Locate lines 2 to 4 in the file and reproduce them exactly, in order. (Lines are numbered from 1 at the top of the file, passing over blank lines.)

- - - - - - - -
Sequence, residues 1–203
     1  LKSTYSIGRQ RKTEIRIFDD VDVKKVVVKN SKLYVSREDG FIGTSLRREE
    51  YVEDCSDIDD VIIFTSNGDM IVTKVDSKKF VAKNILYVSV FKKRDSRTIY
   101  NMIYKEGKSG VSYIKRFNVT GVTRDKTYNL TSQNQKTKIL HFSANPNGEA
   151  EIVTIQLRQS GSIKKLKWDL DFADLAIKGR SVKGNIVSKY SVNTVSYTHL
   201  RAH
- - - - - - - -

     1  LKSTYSIGRQ RKTEIRIFDD VDVKKVVVKN SKLYVSREDG FIGTSLRREE
    51  YVEDCSDIDD VIIFTSNGDM IVTKVDSKKF VAKNILYVSV FKKRDSRTIY
   101  NMIYKEGKSG VSYIKRFNVT GVTRDKTYNL TSQNQKTKIL HFSANPNGEA